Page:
Watch Oil Spill News for Grain Shifts

June 19, 2010 08:43 AM
 

It’s a “watch and wait” situation regarding the impacts of the BP oil spill in the Gulf of Mexico on grain shipments and local basis, according to analysts. More than half of U.S. grains and oilseeds ship through the Gulf, where a ruptured well has been spewing more than 30,000 barrels of oil each day for nearly two months.

To date there has been no evidence of major price fluctuations or any problems exporting grains resulting from the oil spill, according to John Cripe, director of Mid-Co Commodities, Inc., the price risk management subsidiary of GROWMARK that provides market information and futures and options advice to farmers and elevators in the Midwest. However, Cripe says ships exporting through the oil slicks in the Gulf of Mexico could eventually require cleaning due to oil build up on their hulls, adding to up-keep costs and possibly affecting grain prices over time.  

While current reports indicate there are precautions in place to remove oil from any affected vessels, past experience has shown that delays in traffic have had a drastic economic impact on regions beyond the Gulf of Mexico, according to Congressmen Bruce Braley (D-Iowa), who sent a recent letter to President Barack Obama urging him to fully evaluate the impact of the BP oil spill on Mississippi River shipping lanes.

“Following Hurricane Katrina in 2005, the agricultural industry suffered sharp declines in the prices of commodities as a result of a traffic slowdown,” the letter stated. “Access to the Mississippi is crucial….to the agricultural industry who depends on barge shipping to get their products to the rest of the world at competitive costs." Braley and Phil Hare (D-Ill.) are requesting that the Obama Administration perform a full analysis on the potential economic impact that the spill could have on barge traffic along the Mississippi River.

“After Katrina, the rivers shut down and we saw effects on grain prices, but they didn’t last very long,” says Scott Brown, University of Missouri Food and Agricultural Policy Research Institute economist. “If we’re talking about this oil spill affecting grain or barge traffic for months, this will have a much larger effect than if we’re just talking about a week or two of curtailment.”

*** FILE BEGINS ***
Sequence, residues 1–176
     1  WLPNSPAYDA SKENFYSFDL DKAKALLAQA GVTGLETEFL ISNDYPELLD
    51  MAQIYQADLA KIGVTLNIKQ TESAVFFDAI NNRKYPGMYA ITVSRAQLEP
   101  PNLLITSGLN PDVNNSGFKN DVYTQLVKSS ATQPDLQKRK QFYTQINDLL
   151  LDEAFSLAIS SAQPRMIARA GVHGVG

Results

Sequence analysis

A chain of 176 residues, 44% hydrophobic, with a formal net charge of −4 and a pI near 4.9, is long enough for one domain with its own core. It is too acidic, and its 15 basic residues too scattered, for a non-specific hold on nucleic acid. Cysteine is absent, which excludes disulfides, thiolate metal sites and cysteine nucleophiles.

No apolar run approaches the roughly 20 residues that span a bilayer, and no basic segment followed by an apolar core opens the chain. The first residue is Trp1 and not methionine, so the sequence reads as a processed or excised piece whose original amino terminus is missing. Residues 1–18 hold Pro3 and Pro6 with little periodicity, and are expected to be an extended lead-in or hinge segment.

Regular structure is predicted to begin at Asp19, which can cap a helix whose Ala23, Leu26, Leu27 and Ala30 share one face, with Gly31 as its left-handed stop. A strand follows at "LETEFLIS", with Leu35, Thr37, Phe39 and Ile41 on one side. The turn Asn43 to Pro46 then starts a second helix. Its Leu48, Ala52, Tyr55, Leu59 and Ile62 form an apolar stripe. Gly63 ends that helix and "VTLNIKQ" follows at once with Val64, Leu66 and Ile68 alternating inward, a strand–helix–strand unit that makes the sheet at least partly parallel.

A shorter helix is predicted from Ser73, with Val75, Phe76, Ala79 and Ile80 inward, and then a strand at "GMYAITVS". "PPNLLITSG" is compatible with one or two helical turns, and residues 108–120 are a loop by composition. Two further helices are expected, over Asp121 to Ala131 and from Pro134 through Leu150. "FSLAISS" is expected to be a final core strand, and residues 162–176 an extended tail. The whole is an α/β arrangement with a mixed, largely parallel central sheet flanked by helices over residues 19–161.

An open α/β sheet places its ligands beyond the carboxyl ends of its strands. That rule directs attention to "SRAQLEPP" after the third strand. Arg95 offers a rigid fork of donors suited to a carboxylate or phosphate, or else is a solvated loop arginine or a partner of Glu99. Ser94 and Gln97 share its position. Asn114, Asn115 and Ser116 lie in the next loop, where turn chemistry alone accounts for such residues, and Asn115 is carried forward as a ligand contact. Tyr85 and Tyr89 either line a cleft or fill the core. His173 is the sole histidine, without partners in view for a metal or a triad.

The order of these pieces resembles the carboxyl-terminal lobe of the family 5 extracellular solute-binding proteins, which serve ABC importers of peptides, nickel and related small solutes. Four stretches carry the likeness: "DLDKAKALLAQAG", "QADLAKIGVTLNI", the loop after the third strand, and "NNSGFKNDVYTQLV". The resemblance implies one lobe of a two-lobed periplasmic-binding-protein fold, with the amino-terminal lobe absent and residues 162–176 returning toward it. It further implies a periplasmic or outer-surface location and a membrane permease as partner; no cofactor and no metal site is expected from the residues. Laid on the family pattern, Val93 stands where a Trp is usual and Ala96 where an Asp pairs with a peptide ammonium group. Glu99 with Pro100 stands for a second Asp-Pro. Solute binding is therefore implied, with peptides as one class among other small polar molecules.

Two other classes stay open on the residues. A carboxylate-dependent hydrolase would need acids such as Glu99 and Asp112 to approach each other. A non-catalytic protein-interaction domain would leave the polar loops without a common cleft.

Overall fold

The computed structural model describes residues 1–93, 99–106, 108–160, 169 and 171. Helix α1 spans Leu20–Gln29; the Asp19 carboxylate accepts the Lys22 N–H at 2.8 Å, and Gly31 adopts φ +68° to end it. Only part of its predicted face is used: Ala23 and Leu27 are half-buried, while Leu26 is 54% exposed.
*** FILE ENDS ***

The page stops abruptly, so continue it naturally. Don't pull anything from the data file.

Active hurricane season adds worry. Along with watching Midwest grain exports, analysts are also keeping an eye on the horizon for hurricanes. The National Oceanic and Atmospheric Administration (NOAA) last month predicted an “active to extremely active” hurricane season this summer.

“If the upcoming hurricane season is as bad as predicted, then the hurricanes will push the oil slicks up through the Mississippi River into the Delta region. We do a lot of irrigating with water from the marshes of the Mississippi River down in the south Delta regions,” Cripe says.

Overall, crop prices near-term could remain in a tug-of-war as strong demand is being tempered by predictions of high yields due to the favorable start to the growing season, according to Darrell Good, University of Illinois economist.

Fishing industry on edge. As the spill spreads, fertile fishing grounds in the Gulf of Mexico are starting to become limited due to environmental concerns related to the BP oil spill.

On Monday, June 14, Florida temporarily closed off approximately 23 miles of coastal state waters offshore of Escambia County to the harvest of saltwater fish, crabs and shrimp. NOAA has already restricted fishing in federal waters affected by the spill.

The impact on seafood prices for the American consumer could be minimal due to the fact the U.S. imports about 83% of its seafood. But a portion of seafood prices will be forced to rise, according to Brown. “We certainly will see higher seafood prices, but for Midwest agriculture that may mean consumers will turn to beef, pork and chicken instead,” Brown said.

Brown cautions that at this point it’s hard to tell what the long-term effect of the oil spill will be. “Figuring out how the oil will spread and whether it will get in the shipping lanes seems to be important in determining the effects,” he says. “Until then it’s far too early in the game to know the larger impact on consumers.”

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